By James Arnold
BBC News Online business reporter
One of the oldest tricks in a financial journalist's book is to split up an apparently obscene profit into bite-sized chunks.
To report that BP is making £1m an hour - as its latest results this week have confirmed - is somehow supposed to be far more alarming than the quarterly figures the City prefers.
This week, the indignation has been in full spate. Shell has made even more money - $4.4bn in the third quarter, compared with BP's $3.9bn - while in the US, market leader ExxonMobil made $5.7bn and even ConocoPhilips $2bn.
In fact, as BBC News Online's pop-up guide to the industry demonstrates, things are not quite so black-and-white.
The most obvious complication is that high crude prices do not play straight into the hands of oil companies.
True, exploration firms like US-based Apache profit directly. But the oil majors have downstream activities - refining and marketing - as well as upstream exploration and production. When crude prices rise, profit margins on refining ought to fall.
In fact, those margins are looking pretty healthy at present, mainly thanks to what seems to be an unquenchable thirst for oil products in advanced economies, not to mention booming China.
Overall, though, there is little evidence of profiteering at the pump: petrol prices have barely budged in real terms over the past 30 years, despite a doubling in the cost of crude.
Such pump-price increases as there have been have tended to be tax-related: taxes account for 22% of the ticket in the US, a share that has doubled since 1980. In the UK, the tax share is 73%.
Upstream, life has become tougher, too.
The days when the Middle East - a zone of cheap and available supply - produced most of the West's oil are firmly over. Oil explorers are pinning their hopes on up-and-coming oil patches such as the Caspian and offshore West Africa.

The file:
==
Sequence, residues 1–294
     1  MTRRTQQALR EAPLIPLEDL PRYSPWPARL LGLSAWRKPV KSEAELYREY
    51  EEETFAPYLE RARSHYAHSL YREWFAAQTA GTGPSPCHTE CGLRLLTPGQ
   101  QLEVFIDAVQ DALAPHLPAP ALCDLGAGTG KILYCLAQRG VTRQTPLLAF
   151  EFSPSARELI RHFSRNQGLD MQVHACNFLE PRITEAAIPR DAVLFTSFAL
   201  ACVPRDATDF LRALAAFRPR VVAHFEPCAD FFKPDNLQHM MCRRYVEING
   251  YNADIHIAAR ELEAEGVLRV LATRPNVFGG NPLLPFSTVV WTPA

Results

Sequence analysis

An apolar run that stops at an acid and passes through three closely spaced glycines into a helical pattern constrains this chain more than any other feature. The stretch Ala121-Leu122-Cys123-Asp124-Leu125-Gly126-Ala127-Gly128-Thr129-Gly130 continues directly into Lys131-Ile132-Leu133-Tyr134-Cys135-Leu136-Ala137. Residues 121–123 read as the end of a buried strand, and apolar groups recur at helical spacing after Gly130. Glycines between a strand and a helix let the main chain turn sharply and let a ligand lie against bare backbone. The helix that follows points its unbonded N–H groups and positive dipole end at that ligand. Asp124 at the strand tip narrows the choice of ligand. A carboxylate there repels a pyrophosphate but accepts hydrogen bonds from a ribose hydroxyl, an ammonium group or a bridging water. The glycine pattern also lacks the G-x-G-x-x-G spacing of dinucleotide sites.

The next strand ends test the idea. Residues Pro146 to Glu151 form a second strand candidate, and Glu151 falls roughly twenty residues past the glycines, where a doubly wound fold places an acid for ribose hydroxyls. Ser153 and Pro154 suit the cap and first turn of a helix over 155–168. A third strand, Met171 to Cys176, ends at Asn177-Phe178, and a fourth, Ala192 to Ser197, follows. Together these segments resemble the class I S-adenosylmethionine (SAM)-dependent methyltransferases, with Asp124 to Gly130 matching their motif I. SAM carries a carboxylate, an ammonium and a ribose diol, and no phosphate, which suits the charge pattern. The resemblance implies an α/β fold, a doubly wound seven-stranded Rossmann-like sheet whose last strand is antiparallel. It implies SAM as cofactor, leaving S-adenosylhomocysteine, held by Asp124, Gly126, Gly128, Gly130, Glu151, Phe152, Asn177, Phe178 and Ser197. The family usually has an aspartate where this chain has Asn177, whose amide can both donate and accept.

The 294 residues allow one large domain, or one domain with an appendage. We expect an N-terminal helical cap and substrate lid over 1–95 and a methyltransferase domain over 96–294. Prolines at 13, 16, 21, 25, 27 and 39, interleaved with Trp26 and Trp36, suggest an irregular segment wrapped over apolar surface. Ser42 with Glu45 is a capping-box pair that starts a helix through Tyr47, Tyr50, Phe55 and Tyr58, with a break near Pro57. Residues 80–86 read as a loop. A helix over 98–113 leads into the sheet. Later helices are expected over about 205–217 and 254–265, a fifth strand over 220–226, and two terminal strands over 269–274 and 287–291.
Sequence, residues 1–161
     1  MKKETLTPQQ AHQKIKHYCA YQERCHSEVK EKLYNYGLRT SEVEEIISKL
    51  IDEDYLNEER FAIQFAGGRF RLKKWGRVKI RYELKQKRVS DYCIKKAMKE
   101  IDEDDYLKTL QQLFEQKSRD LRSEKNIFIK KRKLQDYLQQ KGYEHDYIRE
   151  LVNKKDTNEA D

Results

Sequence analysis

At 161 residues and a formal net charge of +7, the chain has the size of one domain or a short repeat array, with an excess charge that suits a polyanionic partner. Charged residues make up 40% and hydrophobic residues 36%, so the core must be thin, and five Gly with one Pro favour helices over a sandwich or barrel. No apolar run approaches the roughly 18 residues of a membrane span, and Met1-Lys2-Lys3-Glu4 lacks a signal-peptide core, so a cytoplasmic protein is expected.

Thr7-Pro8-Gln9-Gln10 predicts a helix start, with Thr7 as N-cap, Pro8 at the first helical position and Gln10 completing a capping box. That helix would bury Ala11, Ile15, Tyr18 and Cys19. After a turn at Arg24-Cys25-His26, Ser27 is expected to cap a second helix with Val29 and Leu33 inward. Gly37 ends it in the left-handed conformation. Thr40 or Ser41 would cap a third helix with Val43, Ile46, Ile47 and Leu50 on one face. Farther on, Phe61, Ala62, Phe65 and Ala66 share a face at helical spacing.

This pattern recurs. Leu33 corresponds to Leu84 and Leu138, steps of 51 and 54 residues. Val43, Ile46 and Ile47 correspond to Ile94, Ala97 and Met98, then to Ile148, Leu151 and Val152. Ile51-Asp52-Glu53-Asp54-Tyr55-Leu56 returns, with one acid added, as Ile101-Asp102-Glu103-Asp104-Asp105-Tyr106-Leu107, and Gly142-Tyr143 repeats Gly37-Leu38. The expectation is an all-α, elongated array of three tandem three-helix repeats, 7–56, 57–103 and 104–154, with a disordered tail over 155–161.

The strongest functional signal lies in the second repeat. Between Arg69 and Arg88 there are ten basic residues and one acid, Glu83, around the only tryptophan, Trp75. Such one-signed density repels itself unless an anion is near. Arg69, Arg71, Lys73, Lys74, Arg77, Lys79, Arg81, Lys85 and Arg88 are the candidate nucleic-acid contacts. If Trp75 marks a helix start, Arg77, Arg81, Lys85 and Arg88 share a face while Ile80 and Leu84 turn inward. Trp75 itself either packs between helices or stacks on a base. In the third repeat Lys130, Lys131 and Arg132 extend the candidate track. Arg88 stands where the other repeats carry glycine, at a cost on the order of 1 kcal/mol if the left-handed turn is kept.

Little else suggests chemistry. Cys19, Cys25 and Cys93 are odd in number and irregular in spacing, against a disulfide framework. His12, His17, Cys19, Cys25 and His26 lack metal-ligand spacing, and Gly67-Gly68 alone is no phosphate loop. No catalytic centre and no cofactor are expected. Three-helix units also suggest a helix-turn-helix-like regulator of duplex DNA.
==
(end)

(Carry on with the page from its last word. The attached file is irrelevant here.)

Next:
This costs big money, and is likely to reverse a long-term decline in the investment needed to find oil, currently about $6-7 per barrel worldwide.
Concerned about dwindling reserves, and under pressure from environmentalists, oil companies are shifting ever-greater resources to diversify their supplies, including renewable energy sources and unusual hydrocarbons such as oil shale.
Profits, or profiteers
Of course, the big oil firms are not exactly on the breadline. The five largest made combined profits of $53bn last year, a record.
But a lot of the increase in profits in recent years has been the result of efficiency gains, rather than exploitation of the market. ExxonMobil, for example, has cut its workforce by almost one-fifth in the past five years, and its return on capital has doubled to 20%.
Oil firms splash their money about pretty generously: BP paid some £6bn in UK corporate tax last year, and returned some £2bn to shareholders by buying back shares.
There's no point feeling too sorry for the oil firms. But there's a crucial difference between profits, and profiteering.
Take a look at BBC News Online's pop-up guide to oil industry finances by clicking on the link under the image above.